In a September 10, 2013 letter to Magistrate Judge Joan M. Azrack, New York City detailed some of the facts underpinning the police activity that affected the six plaintiffs alleging that the NYPD engaged in unlawful religious profiling. The letter demonstrates that NYPD conduct was based on indications of unlawful activity, not on religion.
New York City filed detailed declarations that respond to a variety of false allegations that the NYPD Intelligence Division investigates Muslims solely because of their religion and otherwise violates guidelines set by the court in the long-running Handschu case. These declarations, which are presented here, demonstrate that the NYPD faithfully complies with the Handschu guidelines. These declarations establish that the NYPD Intelligence Division performs its essential function of protecting New York City without compromising the fundamental constitutional freedoms of its citizens.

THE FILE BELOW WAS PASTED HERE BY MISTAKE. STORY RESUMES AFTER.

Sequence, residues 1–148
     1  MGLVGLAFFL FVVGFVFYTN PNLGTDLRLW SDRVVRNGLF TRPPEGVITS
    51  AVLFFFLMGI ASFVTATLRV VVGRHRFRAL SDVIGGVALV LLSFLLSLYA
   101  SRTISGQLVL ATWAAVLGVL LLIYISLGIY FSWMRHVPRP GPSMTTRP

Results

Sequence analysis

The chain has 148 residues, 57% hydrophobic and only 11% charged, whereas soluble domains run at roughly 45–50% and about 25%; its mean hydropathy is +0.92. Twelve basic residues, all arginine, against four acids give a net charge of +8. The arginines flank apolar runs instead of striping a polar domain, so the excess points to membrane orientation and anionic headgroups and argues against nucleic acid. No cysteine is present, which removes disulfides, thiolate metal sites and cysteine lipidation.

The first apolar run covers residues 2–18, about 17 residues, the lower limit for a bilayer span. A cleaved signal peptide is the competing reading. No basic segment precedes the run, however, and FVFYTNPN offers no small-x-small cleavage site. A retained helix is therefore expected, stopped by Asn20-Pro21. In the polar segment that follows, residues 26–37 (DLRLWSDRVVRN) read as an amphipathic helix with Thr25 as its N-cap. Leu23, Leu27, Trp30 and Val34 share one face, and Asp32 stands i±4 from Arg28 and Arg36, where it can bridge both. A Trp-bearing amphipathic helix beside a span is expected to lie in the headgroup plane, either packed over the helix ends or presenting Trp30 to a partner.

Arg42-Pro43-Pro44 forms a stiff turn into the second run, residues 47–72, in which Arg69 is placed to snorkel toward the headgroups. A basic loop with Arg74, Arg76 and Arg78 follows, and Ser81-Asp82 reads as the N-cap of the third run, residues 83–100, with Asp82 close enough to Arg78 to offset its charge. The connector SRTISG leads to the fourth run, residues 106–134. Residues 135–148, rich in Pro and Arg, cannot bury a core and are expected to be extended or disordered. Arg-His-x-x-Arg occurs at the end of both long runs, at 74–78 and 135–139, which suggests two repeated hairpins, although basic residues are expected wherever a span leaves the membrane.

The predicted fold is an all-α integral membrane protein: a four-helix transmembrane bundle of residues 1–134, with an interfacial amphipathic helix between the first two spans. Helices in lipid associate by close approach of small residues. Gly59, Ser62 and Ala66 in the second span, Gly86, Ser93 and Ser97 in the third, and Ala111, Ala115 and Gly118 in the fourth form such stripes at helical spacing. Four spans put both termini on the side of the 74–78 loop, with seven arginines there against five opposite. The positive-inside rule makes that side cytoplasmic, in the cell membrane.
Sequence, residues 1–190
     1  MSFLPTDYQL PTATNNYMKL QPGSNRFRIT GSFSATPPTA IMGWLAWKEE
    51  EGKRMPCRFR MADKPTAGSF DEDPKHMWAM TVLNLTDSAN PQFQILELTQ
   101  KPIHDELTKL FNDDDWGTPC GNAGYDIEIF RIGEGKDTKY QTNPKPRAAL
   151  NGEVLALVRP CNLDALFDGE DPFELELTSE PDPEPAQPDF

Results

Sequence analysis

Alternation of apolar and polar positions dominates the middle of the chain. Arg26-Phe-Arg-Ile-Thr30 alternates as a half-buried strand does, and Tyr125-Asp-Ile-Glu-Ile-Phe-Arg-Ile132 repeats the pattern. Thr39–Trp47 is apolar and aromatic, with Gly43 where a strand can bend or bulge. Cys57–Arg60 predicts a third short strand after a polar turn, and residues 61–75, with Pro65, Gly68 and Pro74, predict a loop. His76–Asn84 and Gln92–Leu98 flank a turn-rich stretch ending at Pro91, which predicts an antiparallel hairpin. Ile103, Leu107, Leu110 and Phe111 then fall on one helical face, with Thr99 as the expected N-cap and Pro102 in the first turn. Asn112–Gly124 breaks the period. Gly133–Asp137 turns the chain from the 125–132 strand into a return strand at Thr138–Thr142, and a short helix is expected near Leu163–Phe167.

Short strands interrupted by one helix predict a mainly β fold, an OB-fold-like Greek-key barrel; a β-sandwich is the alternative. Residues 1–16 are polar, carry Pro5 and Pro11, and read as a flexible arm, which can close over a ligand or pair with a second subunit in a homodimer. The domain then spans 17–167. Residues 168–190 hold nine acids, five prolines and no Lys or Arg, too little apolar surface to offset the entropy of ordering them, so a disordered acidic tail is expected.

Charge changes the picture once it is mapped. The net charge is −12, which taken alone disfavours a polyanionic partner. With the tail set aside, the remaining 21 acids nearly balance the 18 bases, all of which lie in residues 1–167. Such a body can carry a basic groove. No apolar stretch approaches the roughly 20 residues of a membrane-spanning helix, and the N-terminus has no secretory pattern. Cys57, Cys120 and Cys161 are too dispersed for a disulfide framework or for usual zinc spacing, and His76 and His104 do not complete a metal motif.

Defendant's Brief in Opposition to the Motion
Declaration of Assistant Chief Thomas Galati, NYPD Intelligence Division, with Exhibit A
Declaration of Detective Stephen Hoban, NYPD Intelligence Division
Declaration of Brian Michael Jenkins
On May 6, 2013, New York State Supreme Court Justice Alexander Hunter ruled in favor of the NYPD in response to a lawsuit filed by two civil liberties organizations seeking the release of Intelligence Division records. Driven by false allegations and misleading descriptions of the Intelligence Division's programs in the press, the Asian American Legal Defense and Education Fund and Muslim Advocates sought to acquire documents that would endanger sources and undermine investigations were their content made public. Justice Hunter found the NYPD had met its obligations under New York State's Freedom of Information Law and that its denial of the groups' request was entirely justified.